Taking a few ‘Detours with Friends,’ Julian Fleisher recounts journey through music and theater with new Joe’s Pub show

Julian Fleisher at home with guitar
Julian Fleisher at home in the East Village
Photo by Bob Krasner

Julian Fleisher came to New York to be an actor but, by his own admission, “got distracted and took a few detours.” Hence the title of his upcoming show on Sept. 28 at Joe’s Pub: “Detours With Friends.”

Fleisher, born and bred in downtown Baltimore and educated as an English major at Yale, was, he says, “a theater rat.” Living in the West Village, he got some good parts in off-Broadway productions, but not the roles he wanted.

“I was being sent out for parts like the cab driver, a terrorist, a Hasidic Jew — I simply wasn’t good looking enough to get the kind of parts that had the kind of songs that I wanted to sing,” he recalls. “I had an epiphany one night after watching ‘Blade Runner’ — if all I wanted to do was sing great songs, why didn’t I just skip the auditions and start a band?”

Ensconced in the East Village in the mid-90s, he did just that — putting together a show doing “jazzy covers” with inspiration from Mel Torme.

“I was truly in love with Torme,” he explains. “My dad (renowned classical pianist Leon Fleisher) introduced me to his music when I was a kid.” 

Fleisher managed to get himself a gig as “the boy singer in the house band at the Supper Club in the Edison Hotel in Times Square. It was like being in a movie — Barry Levitt, who was like second father to me, led the band. It was just a dream. I was getting paid to sing my face off.”

It wasn’t enough to pay all the bills though, so Fleisher “side-hustled like crazy.”

“I’ve written twelve or more books on grammar and vocabulary building, worked for The Princeton Review Test Prep, and became a very adept Photoshop artist back in the early days”, he recalls. “They would say, ‘Can you take this waterfall and make it look like a heart attack?’”

Julian Fleisher sings
Julian Fleisher performing at Pangaea as a special guest of Heather Litteer’s “Pleasure Seekers”Photo by Bob Krasner
Julian Fleisher at his home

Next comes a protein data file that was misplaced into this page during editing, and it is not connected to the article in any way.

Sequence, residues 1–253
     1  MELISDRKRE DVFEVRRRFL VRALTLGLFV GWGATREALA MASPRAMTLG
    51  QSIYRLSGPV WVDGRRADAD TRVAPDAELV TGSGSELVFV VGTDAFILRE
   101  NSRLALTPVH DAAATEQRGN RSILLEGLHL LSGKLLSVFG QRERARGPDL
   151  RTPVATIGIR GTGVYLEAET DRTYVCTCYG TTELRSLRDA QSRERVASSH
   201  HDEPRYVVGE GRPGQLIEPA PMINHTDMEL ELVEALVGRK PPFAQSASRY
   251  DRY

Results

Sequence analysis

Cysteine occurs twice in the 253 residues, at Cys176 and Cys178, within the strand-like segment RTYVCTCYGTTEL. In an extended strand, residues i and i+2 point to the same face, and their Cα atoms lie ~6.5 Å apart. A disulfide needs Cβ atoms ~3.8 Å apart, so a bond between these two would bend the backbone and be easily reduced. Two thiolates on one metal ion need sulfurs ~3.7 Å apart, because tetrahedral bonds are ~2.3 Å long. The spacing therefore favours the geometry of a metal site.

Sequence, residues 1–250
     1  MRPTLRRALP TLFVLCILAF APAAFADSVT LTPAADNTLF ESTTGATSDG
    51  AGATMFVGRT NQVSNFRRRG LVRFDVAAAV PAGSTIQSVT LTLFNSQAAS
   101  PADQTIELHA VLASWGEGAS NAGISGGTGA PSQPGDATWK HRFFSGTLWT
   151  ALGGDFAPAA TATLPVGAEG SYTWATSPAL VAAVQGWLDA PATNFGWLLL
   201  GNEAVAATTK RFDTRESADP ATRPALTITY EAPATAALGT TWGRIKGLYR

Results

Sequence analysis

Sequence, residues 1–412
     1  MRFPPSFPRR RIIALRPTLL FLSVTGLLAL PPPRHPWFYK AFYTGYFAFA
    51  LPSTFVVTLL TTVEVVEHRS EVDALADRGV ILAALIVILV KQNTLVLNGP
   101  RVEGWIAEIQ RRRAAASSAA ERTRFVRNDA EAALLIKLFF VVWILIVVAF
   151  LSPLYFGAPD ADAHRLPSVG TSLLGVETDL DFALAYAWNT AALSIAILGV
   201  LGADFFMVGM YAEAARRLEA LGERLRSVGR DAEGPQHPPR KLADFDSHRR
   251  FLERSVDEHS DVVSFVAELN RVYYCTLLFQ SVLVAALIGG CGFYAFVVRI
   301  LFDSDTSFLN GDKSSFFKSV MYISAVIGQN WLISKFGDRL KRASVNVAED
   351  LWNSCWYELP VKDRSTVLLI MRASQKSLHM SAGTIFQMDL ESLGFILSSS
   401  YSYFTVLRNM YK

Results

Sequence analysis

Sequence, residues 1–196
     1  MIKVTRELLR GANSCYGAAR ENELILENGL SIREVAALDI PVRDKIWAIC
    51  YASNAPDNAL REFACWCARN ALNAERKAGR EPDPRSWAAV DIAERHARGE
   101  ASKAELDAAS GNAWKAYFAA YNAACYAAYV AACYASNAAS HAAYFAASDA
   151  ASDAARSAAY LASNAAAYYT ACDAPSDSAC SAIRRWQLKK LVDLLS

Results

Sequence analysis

Fleisher at home with his faithful ( but somewhat melancholy ) companion JeromePhoto by Bob Krasner
Book collection of Julian Fleisher
A partial selection of Fleisher’s collection of signed first editions written by his friends. At left is his father’s memoirPhoto by Bob Krasner

And if anyone can claim to have written the book on Drag culture, it’s Fleisher. In 1996 he produced “The Drag Queens of New York: An Illustrated Field Guide,” a groundbreaking publication that he is “very proud of.”  Ironically, Fleisher recalls that at the time “ we thought that Drag couldn’t get any bigger!”

In addition to writing books he began to write his own songs — which seems like it was inevitable for someone who was not only in love with singing, but also the art of songwriting.

But, he recounts, “It happened almost by accident – I just stumbled onto some song ideas. When you worship great songwriters the way that I do, you don’t think that you’re qualified to write them yourself … Songwriters are my gods — Joni Mitchell, Prince, Cole Porter,  who is probably the greatest of all time. But I said, I think I can do that. It took me about a month to write my first song and over the years I have slowly amassed a catalogue.

“When I write a song”, he continues, “I’m always shaving it down. I write songs where every word counts”.

Fleisher recounts an interview that he conducted with “Fiddler on the Roof” lyricist Sheldon Harnick on his WNYC radio show that made a deep impression. “Every syllable of that show was work, Harnick said.”

Not only has he written for himself, but he has had success writing for the theatre as well. His first success was a flop: he provided the incidental score for “Almost, Maine,” which sank after a month-long run off Broadway. Stillo, it has since gone on to become the most frequently produced play in America, earning Fleisher a few bucks along the way.

“People have gotten married to that music!” he marvels.

Memorabilia of Julian Fleisher
Fleisher’s memorabilia includes his book on Drag culture, a mini dressing room door from his stint in ‘Coraline’, one of his cd’s and a “priceless” souvenir from the Starlight barPhoto by Bob Krasner
Julian Fleisher in silhouette
The contemplative manPhoto by Bob Krasner

There have been notables roles for him as well. He earned great notices as Cat in Stephen Merritt and David Greenspan’s adaptation of Neil Gaiman’s “Coraline” and as George Davis in “February House,” composed by Gabriel Kahane and written by Seth Bockley. 

Not one to sit still, Fleisher has recorded his own albums as well as producing numerous discs for others — including both of Kiki and Herb’s recordings — and has performed all over the city with his mix of originals and swinging covers.

He knows that it’s not kitsch if it swings, which is how he approaches his versions of “I Will Survive” (“It’s based on an old Yiddish melody — we do it Benny Goodman style”) and “Tomorrow” from “Annie.”

“It’s the greatest song ever written,” he declares.

The upcoming “Detours with Friends” show will include special guests, the titular friends being Ana Gasteyer, Joey Arias, Amichai Lau Lavie, and Melissa Haizlip. You can expect some new tunes as well, such as “Side Piece,” a tune inspired by his relationships with “a raft of married gay dudes” in the wilds of upstate New York. And you can expect some audience participation also, as Fleisher loves the communal aspect of performing.

“The audience is as important as the band,” he notes. “They are the whole reason for doing it.”

Fleisher is on the web at julianfleisher.com and on Instagram at @julianflei.

Show info and tickets are available at publictheater.org/productions/joes-pub/2023/j/julian-fleisher/